Inca tern (en); andorinha-do-mar-Inca (pt); sterne Inca (fr); charrán Inca (es);
Confined to the Pacific coast of South America, these birds breed in the coasts of Peru and Chile.
The Inca tern is a large tern, 40-42 cm long. Males and females are similar in size, with a wingspan of 60 cm and a weight of 220 g.
This species feeds in the cold waters of the Humboldt current. It breeds on inshore (and occasionally offshore) islands and rocky coastal cliffs.
The Inca tern feeds by plunge diving for fish. Often in large flocks, they prey on schooling anchoveta Engraulis ringens, mote sculpins Normanychtic crokeri and silversides Odothestes regia. They also eat crustaceans and scavenge offal and scraps from sea-lions and fishing boats.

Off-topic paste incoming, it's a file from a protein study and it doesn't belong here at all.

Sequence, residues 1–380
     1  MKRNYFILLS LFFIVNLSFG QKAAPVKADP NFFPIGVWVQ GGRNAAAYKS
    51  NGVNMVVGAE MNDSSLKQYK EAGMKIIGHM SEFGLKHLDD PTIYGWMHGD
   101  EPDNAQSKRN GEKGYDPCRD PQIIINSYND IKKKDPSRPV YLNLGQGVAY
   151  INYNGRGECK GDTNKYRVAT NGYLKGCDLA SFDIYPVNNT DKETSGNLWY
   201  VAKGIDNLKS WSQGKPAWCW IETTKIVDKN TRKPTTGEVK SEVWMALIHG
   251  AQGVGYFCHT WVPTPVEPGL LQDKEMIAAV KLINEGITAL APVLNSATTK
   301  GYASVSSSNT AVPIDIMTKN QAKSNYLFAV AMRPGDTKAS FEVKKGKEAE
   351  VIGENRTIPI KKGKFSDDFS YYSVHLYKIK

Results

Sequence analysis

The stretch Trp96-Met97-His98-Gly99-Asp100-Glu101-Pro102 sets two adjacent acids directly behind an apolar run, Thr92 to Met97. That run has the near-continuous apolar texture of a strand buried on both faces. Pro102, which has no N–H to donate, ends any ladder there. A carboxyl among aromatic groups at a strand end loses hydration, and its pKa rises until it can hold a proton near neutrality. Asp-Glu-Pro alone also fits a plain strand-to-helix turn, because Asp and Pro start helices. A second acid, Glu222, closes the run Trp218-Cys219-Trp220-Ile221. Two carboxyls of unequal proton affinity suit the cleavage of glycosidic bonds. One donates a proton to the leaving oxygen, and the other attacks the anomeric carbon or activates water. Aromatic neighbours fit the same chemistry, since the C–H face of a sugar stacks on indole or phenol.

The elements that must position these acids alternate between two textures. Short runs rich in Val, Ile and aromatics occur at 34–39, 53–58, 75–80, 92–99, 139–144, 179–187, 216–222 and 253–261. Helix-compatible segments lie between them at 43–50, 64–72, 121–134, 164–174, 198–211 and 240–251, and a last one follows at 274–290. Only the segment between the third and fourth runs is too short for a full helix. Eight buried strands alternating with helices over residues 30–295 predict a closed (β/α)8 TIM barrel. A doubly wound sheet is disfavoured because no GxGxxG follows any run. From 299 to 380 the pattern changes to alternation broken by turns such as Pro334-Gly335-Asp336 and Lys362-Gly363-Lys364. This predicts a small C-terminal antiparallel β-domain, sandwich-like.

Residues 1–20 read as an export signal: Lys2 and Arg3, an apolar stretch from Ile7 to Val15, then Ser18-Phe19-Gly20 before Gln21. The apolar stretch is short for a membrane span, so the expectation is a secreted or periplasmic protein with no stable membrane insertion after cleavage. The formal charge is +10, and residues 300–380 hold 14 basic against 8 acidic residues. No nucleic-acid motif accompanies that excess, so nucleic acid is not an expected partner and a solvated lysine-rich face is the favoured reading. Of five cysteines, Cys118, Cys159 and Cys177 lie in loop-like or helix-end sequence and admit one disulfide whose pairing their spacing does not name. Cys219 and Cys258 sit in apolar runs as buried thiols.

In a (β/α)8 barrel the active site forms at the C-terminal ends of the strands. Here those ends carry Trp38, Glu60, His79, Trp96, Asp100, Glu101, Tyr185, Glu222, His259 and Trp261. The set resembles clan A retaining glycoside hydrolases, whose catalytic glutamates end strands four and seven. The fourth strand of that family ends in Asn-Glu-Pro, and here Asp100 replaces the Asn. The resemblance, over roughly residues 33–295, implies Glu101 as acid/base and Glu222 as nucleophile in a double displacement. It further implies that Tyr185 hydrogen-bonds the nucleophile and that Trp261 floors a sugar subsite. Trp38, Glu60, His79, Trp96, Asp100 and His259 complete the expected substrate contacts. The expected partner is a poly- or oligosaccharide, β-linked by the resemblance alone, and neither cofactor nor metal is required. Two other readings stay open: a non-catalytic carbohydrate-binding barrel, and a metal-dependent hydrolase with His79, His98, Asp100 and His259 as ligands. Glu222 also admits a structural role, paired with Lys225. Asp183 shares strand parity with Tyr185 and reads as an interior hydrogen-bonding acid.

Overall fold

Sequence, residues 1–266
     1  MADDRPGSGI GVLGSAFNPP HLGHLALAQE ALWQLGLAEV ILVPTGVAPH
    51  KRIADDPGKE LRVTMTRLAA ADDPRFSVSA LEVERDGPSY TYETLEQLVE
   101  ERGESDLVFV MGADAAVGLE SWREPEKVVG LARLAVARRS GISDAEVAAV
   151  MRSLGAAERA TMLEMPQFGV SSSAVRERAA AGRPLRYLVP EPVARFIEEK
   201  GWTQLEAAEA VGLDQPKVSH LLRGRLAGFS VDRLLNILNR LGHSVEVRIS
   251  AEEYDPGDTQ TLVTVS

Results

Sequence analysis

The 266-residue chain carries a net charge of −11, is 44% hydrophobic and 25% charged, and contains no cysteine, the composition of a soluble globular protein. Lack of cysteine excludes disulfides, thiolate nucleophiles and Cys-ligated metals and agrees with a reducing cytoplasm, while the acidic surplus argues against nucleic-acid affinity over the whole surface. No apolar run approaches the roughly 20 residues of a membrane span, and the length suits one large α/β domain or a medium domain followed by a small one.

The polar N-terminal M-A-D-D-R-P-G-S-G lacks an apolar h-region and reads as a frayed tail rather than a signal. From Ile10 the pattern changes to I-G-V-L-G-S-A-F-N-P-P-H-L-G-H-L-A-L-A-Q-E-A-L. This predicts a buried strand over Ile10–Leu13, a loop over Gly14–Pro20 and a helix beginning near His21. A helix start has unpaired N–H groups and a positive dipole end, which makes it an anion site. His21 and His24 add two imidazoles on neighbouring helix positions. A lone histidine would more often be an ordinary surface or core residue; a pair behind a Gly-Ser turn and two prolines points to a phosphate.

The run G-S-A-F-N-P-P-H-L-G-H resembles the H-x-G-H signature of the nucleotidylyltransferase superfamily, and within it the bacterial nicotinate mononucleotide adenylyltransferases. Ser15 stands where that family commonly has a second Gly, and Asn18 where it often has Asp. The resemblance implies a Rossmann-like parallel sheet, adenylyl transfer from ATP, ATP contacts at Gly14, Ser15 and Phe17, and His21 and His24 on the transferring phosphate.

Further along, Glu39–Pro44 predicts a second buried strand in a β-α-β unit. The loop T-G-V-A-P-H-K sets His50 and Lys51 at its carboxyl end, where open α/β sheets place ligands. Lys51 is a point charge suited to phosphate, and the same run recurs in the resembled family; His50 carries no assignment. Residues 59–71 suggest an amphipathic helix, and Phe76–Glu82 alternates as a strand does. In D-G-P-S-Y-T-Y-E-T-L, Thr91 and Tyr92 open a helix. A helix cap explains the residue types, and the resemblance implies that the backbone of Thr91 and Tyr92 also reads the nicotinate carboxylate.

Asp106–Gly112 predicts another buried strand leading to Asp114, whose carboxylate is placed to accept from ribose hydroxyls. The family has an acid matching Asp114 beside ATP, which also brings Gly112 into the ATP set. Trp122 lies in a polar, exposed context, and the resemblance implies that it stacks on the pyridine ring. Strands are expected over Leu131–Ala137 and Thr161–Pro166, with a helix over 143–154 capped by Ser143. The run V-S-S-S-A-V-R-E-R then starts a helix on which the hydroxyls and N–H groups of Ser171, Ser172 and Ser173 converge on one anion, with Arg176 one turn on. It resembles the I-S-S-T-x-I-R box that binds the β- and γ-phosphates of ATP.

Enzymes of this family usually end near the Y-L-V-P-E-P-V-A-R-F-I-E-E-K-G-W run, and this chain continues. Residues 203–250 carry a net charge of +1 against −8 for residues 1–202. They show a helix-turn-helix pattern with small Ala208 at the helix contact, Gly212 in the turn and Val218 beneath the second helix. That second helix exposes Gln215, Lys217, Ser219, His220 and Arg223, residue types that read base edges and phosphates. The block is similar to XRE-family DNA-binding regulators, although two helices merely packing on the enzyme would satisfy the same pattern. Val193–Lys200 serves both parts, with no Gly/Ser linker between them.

The Inca tern nests in a hollow or burrow, or sometimes the old nest of a Humboldt penguin Spheniscus humboldti, and lays one or two eggs. The two main peaks of egg-laying occur in April-May and October. The eggs are incubated for about 4 weeks, and the chicks leave the nest after 7 weeks.
IUCN status – NT (Near-threatened)
Although still common in many locations, the current population of 150.000 is much lower than in the past. Recent phenomena of El Niño Southern Oscillation (ENSO) have caused mass breeding failure. The guano industry and overfishing of their prey are the two main threats on this species.